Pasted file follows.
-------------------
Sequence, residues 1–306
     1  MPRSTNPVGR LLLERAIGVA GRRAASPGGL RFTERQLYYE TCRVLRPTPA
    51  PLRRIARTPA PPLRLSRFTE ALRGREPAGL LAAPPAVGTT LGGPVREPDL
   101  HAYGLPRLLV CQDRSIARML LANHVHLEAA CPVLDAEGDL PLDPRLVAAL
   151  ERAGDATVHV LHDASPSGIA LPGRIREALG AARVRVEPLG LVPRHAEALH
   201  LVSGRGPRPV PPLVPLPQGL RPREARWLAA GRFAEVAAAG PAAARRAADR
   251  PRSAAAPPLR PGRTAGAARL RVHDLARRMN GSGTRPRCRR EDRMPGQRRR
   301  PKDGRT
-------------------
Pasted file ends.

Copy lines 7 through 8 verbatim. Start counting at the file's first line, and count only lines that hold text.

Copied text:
   251  PRSAAAPPLR PGRTAGAARL RVHDLARRMN GSGTRPRCRR EDRMPGQRRR
   301  PKDGRT